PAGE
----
Meanwhile, universities have suffered from administrative bloat for years. Policymakers should question school budgets and the growth of departments committed to so-called “diversity.” Non-instructional spending on student services and administration is increasing at higher rates than instructional spending.

Given the spread of “diversity” offices, why do students still weigh the cost of sharing their opinions out loud for fear that they will be canceled? Ostensibly these offices are created to make more students feel welcome. But campus climate surveys show students are afraid to speak up inside or outside of class. Headlines continue to report that shout-downs and other examples of campus censorship sadly have become routine. Administrative bloat and the diversity craze have not made universities more civil.

“It’s not new that conservative people have been sending their children to liberal schools,” said education entrepreneur Robert L. Luddy in an interview. “People think in the status quo. They send their children there and don’t think about it.”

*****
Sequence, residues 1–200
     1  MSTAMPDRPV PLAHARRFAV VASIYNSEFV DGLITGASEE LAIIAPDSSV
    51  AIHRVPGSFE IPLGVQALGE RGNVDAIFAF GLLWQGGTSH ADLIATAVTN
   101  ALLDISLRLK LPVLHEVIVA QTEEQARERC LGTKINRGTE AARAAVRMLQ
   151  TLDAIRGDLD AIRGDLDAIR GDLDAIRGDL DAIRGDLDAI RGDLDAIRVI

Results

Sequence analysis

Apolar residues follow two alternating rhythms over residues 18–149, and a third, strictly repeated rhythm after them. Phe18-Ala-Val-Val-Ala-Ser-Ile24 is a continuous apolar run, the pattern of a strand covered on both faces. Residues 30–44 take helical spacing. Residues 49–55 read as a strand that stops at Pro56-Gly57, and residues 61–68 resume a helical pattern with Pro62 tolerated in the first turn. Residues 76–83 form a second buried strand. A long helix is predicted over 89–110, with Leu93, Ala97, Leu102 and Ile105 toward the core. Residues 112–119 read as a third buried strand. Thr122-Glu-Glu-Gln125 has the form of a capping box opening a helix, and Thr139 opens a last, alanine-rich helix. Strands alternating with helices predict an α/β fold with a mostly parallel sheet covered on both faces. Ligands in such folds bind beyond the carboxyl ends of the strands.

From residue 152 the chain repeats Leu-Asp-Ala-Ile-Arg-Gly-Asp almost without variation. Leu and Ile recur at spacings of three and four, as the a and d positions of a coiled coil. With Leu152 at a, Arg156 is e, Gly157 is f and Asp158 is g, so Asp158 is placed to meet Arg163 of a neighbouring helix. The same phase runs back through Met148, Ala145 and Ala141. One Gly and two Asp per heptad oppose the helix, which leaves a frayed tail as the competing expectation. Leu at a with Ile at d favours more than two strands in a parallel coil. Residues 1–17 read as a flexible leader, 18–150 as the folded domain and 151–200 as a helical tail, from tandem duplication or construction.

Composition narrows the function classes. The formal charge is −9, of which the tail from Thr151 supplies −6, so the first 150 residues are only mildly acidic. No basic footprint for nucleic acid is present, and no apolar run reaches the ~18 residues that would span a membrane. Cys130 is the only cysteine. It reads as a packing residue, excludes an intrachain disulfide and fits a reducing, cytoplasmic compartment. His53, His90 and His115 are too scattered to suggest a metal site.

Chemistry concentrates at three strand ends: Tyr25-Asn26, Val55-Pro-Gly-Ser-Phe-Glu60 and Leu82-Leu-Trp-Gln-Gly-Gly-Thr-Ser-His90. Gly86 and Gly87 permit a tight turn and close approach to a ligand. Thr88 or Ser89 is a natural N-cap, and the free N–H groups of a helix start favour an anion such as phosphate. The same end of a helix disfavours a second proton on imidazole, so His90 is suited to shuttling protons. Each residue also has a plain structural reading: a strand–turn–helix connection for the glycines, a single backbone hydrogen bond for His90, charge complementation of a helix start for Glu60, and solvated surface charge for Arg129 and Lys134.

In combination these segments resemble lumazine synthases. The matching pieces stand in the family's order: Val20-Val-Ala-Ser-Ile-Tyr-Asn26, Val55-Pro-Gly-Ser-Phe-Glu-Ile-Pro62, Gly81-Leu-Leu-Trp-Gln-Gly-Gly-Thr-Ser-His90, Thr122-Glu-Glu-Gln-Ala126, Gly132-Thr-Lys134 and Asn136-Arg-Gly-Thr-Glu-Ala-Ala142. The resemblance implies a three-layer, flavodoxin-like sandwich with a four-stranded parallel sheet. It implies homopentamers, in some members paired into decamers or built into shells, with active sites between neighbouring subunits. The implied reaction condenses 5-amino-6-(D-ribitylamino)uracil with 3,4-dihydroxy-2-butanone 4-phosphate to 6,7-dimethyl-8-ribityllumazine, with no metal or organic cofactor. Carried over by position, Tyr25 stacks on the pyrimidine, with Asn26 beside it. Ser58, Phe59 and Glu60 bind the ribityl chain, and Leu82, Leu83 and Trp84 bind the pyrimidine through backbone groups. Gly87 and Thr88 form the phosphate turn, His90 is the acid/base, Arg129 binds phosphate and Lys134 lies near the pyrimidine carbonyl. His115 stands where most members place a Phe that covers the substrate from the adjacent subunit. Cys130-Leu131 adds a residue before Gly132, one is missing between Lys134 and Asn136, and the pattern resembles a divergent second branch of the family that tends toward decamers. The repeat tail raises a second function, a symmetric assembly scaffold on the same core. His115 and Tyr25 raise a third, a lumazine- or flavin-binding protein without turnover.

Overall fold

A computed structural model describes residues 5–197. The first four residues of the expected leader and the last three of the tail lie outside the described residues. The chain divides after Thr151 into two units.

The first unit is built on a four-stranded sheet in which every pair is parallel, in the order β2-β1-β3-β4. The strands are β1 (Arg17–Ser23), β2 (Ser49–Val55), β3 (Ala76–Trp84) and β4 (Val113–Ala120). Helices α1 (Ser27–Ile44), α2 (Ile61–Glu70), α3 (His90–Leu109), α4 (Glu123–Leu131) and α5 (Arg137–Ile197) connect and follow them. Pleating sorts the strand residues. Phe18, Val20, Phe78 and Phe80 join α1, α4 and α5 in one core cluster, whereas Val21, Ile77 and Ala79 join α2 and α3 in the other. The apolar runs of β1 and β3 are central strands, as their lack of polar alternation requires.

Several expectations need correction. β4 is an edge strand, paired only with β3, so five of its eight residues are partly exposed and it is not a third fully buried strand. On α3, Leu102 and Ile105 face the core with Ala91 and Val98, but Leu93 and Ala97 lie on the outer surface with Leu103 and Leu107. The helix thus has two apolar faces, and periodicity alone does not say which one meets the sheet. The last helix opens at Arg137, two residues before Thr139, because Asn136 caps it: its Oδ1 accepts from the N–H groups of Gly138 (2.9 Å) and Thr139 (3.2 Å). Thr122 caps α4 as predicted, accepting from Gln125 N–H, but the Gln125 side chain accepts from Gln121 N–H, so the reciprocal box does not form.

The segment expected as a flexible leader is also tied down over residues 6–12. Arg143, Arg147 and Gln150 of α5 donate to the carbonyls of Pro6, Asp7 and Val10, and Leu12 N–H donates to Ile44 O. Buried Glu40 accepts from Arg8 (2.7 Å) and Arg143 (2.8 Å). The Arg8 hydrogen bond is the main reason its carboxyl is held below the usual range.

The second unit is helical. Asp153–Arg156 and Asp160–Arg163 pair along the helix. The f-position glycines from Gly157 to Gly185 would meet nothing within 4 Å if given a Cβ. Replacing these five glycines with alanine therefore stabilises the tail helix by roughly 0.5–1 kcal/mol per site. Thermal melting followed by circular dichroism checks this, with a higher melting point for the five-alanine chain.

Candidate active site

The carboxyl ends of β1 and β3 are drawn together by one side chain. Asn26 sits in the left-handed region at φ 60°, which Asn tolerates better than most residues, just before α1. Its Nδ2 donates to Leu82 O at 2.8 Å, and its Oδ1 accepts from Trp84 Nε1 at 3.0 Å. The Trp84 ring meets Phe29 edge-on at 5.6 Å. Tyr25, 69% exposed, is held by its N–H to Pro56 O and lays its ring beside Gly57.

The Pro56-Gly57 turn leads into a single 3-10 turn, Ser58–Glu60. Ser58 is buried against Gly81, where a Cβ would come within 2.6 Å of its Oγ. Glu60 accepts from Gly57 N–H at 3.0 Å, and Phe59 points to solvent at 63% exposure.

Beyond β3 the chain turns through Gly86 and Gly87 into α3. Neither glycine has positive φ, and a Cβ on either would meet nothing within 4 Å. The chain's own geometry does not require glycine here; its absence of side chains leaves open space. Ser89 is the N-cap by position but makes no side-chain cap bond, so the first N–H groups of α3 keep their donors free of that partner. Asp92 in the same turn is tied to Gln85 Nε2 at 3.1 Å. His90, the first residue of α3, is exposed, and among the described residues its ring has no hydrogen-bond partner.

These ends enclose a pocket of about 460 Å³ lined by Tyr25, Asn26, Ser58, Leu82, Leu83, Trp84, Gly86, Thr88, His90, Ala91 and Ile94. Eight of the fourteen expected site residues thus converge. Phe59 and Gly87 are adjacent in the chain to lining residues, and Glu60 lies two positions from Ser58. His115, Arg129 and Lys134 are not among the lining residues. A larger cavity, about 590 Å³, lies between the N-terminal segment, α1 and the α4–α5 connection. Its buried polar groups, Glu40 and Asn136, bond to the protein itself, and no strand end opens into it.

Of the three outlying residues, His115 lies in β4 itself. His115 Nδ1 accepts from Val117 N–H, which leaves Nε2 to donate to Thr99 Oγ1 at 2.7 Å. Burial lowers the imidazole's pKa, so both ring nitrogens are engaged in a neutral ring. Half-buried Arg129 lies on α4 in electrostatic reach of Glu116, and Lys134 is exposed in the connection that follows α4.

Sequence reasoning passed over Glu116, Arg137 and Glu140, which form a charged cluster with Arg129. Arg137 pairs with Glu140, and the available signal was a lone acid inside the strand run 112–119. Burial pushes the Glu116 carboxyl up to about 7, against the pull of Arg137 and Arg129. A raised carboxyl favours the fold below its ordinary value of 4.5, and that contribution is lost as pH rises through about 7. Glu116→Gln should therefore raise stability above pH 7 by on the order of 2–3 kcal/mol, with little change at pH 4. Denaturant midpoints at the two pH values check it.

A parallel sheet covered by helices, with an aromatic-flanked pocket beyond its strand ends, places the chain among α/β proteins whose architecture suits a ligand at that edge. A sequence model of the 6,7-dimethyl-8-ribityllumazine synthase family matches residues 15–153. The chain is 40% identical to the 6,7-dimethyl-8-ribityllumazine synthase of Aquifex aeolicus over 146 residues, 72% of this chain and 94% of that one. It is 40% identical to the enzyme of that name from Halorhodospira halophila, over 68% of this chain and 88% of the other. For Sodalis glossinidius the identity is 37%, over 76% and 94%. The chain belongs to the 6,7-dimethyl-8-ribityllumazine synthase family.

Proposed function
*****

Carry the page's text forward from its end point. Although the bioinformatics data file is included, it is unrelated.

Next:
Creating Competetive Alternatives

Luddy has created private schools in North Carolina, South Carolina, and Virginia that teach curricula based on classic works of literature, science, and history. He is now applying the same technique to higher education. “In recent years, colleges have become more expensive and egregious in the things they are doing,” he said.

Luddy is part of a select group of business leaders, researchers, and educators around the U.S. who are trying to repair higher education by building new colleges as examples of what higher education should be.